Looks like Hilary Duff‘s a triumphant return to pop music will be even bigger than we originally thought. In addition to new single, “Chasing the Sun” — which premieres at New York City’s Marquee nightclub on Thursday, and will be available everywhere July 29 — Duff’s fifth studio album is slated for a fall release.
Fiona Apple is back! If you were a girl growing up in the 90s then you probably adopted “Criminal” as something of an anthem, as Apple fit in that gloriously angsty alterna-girl niche that characterized femininity in music during that era. If you were a boy you probably loved her too, but that probably had less to do with the tumultuous feeling of feminine frustration and more to do with different sort of southern oriented tumult. Anyway, the point is, Apple’s label, Epic via CEO LA Reid, has announced that she’ll be dropping a new album sometime soon/this year in a Tweet:
It’s her first album since 2005, and there’s no actual release date set yet, so for now we suggest you get into the back catalog for preparation. Here’s the song that got us hooked on Fiona Apple in 1997, “Criminal”:
Aside from the promise of “surprises,” Barbz were blessed with the “Stupid Hoe” video on Friday, and next month will get to see Nicki performing at the Super Bowl alongside the legendary Madonna. Time flies when you’re having fun, and it looks like Nicki has plenty up her sleeve to distract fans from the prolonged release.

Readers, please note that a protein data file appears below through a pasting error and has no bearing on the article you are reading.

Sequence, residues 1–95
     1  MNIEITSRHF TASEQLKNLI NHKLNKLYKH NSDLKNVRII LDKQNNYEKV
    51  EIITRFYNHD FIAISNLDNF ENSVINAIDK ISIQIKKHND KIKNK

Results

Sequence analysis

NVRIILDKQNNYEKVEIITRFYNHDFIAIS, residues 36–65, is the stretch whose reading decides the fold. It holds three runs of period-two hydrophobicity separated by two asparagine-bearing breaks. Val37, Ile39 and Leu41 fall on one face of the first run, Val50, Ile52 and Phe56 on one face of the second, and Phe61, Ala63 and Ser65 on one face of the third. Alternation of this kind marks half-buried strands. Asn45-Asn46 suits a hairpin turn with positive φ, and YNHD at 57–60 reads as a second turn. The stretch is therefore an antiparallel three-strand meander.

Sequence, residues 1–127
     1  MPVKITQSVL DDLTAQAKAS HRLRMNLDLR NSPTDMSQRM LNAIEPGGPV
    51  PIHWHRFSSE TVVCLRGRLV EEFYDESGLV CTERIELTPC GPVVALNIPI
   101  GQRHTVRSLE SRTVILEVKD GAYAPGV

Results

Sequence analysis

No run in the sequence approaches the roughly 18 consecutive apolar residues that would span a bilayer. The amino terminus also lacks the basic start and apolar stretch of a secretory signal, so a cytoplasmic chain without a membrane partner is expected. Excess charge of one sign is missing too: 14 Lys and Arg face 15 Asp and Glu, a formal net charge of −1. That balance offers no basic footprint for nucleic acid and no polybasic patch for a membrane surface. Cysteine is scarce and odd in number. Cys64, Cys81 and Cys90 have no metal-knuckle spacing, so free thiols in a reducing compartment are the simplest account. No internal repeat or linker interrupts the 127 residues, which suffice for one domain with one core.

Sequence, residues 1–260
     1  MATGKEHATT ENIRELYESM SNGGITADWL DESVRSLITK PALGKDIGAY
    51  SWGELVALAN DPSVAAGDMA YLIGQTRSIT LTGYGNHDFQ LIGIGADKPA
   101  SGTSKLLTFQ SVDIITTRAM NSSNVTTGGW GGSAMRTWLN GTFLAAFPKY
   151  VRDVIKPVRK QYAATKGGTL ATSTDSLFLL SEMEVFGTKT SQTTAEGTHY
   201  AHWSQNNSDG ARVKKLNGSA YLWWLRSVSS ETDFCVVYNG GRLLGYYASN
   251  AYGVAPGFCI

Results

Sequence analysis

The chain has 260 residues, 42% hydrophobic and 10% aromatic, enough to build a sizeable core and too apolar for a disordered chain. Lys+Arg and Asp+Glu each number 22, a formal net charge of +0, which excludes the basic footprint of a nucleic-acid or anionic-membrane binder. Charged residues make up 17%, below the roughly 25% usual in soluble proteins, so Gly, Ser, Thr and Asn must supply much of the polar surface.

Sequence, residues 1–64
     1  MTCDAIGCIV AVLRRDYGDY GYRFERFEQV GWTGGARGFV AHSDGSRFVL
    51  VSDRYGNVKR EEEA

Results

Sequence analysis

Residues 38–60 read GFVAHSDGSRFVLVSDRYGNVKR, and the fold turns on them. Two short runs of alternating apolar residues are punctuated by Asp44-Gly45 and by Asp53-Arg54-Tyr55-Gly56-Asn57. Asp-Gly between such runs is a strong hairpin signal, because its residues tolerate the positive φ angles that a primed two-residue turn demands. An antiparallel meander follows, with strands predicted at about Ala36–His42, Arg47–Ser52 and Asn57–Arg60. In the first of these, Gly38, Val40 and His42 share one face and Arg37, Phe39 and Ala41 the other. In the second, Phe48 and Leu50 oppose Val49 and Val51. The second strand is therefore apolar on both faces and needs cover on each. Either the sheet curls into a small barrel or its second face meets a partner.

Bruce Springsteen‘s new single from his forthcoming album, Wrecking Ball, due for release on March 6th, is doing rounds of the Internet this morning. As a lead single, it’s not exactly bringing down the house — it ain’t no “Born To Run” — but by no means does that it mean that it’s terrible, either. Somewhat middling, the song doesn’t quite reach that expansive, soaring, transcendent plane that defines the Springsteen mythology. Yet there’s still something really charming about “We Take Care Of Our Own,” and it’s more than just Bruce’s impeccable husky vocal (which, at the beginning, hits us like a slap of warm nostalgia to the face, and reminds us, “oh yeah, there it is”).
There’s the spirited piano, the matter-of-fact yet obtusely dreamy lyricism, and undertones of escapism that remind us of Bruce in the 70s, and has us hankering for the rest of Wrecking Ball to hit. March can’t come soon enough for us, but what do you think? Is “We Take Care Of Our Own” what you were expecting? Or were you hoping for something more epic from Wrecking Ball‘s first release? Let us know in the poll below!